In William Faulkner’s 1938 novel The Unvanquished . the implacable Colonel Sartoris takes drastic action to stop the election of a black Republican candidate to office after the Civil War, destroying the ballots of black voters and shooting two Northern carpetbaggers. While such dramatic means of voter suppression occurred often enough in the Reconstruction South, tactics of electoral exclusion refined over time, such that by the mid-twentieth century the Jim Crow South relied largely on nearly impossible-to-pass literacy tests to impede free and fair elections.
These tests, writes Rebecca Onion at Slate . were “supposedly applicable to both white and black prospective voters who couldn’t prove a certain level of education” (typically up to the fifth grade). Yet they were “in actuality disproportionately administered to black voters.” Additionally, many of the tests were rigged so that registrars could give potential voters an easy or a difficult version, and could score them differently as well. For example, the Veterans of the Civil Rights Movement describes a test administered in Alabama that is so entirely subjective it measures the registrar’s shrewdness and cunning more than anything else.
The test here from Louisiana consists of questions so ambiguous that no one, whatever their level of education, can divine a “right” or “wrong” answer to most of them. And yet, as the instructions state, “one wrong answer denotes failure of the test,” an impossible standard for even a legitimate exam. Even worse, voters had only ten minutes to complete the three-page, 30-question document. The Louisiana test dates from 1964, the year before passage of the Voting Rights Act. which effectively put an end to these blatantly discriminatory practices. (Though last year’s Supreme Court decision in Shelby vs. Holder means that such tests, or even more slippery means, could ostensibly return in those parts of the country that have made little progress since the sixties). Learn more of the history of Jim Crow voter suppression at Rebecca Onion’s original post here and an update here .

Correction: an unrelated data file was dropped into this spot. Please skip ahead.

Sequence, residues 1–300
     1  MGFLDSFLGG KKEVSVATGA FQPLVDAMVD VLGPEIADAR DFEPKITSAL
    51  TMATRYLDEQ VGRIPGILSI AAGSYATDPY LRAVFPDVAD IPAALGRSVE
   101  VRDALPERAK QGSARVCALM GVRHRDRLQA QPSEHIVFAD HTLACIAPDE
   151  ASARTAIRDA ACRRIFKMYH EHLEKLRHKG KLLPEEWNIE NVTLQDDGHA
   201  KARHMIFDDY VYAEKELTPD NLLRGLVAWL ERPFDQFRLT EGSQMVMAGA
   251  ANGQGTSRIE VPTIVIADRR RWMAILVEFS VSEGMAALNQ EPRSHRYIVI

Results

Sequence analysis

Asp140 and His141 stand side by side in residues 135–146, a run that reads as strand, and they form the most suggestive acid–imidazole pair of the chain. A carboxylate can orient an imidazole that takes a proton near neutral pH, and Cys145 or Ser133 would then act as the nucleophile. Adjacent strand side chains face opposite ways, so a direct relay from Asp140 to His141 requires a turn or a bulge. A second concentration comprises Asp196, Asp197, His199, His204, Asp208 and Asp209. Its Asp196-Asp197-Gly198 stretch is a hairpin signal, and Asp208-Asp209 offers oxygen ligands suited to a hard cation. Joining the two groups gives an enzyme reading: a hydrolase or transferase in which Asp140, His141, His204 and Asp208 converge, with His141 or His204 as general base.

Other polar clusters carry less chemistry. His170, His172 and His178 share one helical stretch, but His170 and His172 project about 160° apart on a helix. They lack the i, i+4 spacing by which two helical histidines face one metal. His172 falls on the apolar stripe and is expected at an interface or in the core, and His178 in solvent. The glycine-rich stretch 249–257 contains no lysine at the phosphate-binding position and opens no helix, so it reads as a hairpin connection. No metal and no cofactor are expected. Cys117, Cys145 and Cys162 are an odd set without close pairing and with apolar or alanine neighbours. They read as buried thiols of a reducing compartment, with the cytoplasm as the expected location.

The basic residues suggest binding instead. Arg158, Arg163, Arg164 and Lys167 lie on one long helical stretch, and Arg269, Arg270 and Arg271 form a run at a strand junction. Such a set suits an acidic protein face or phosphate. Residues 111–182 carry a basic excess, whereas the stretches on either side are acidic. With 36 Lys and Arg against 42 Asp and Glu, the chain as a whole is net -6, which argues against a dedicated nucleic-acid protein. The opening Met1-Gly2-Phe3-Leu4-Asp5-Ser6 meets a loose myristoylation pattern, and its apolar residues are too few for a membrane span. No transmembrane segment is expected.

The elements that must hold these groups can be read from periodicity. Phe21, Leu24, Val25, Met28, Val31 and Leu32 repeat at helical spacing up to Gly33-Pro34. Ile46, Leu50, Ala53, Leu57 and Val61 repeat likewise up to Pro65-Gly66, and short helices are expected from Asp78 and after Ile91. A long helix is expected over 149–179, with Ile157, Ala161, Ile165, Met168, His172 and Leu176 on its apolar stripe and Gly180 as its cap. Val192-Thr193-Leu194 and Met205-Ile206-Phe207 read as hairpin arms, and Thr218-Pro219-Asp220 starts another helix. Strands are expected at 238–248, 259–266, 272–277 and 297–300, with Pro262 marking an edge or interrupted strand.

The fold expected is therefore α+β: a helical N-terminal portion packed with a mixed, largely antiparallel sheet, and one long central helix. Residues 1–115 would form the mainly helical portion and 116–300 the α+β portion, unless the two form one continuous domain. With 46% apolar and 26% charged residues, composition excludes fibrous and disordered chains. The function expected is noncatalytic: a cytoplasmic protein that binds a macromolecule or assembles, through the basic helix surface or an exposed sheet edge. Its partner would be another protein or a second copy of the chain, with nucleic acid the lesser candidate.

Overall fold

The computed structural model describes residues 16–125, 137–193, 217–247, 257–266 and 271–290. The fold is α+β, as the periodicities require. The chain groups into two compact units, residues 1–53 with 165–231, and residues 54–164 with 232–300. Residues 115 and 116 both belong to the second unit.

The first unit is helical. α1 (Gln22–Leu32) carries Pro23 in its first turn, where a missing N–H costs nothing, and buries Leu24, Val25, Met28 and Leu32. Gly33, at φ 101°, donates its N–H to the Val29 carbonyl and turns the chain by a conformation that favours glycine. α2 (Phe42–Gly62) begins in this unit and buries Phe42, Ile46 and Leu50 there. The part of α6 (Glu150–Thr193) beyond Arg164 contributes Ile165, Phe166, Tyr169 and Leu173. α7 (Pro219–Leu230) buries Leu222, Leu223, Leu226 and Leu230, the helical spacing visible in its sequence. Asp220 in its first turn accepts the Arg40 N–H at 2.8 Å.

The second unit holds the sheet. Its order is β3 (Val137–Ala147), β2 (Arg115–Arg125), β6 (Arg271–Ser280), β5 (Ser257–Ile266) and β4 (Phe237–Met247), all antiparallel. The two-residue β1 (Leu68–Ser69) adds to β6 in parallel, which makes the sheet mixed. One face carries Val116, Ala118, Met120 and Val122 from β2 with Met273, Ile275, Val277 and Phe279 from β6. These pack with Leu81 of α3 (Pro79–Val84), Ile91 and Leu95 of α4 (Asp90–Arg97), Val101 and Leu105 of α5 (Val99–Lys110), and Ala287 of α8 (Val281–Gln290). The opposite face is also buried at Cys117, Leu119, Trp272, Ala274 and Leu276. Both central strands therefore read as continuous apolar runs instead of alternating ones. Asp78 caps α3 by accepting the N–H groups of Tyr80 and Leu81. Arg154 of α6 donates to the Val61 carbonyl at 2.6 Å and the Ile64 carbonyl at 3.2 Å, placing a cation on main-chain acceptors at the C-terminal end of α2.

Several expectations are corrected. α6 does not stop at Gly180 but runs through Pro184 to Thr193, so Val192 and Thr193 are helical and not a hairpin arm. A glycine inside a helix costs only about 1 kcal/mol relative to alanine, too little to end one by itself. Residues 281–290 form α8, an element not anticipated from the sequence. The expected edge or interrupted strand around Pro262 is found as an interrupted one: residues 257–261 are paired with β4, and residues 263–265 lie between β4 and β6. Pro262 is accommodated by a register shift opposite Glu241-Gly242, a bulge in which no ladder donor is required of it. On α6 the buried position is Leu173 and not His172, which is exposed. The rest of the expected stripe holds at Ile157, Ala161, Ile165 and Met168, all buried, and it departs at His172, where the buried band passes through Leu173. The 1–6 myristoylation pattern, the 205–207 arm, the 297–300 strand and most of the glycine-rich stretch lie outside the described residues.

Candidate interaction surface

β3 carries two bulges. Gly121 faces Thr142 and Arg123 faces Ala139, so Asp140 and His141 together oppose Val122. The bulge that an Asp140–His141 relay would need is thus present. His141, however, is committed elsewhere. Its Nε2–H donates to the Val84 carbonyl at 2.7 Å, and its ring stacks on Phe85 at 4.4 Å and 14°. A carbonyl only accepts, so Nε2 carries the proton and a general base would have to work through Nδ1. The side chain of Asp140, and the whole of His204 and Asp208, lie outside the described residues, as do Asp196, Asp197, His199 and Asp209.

Josh Jones is a writer and musician based in Durham, NC. Follow him at @jdmagness
These aren’t subjective to the point of being impossible. These are all easy, and they follow standard test formats that any child who’s taken any schooling would be familiar with. It tests basic reading comprehension and the reader’s ability to wait until he’s read the entire sentence to actually understand what’s being asked before making a mark on the paper.
If I’d been given this test as an eight year old in school, I’d be insulted that my teachers thought so low of my intelligence.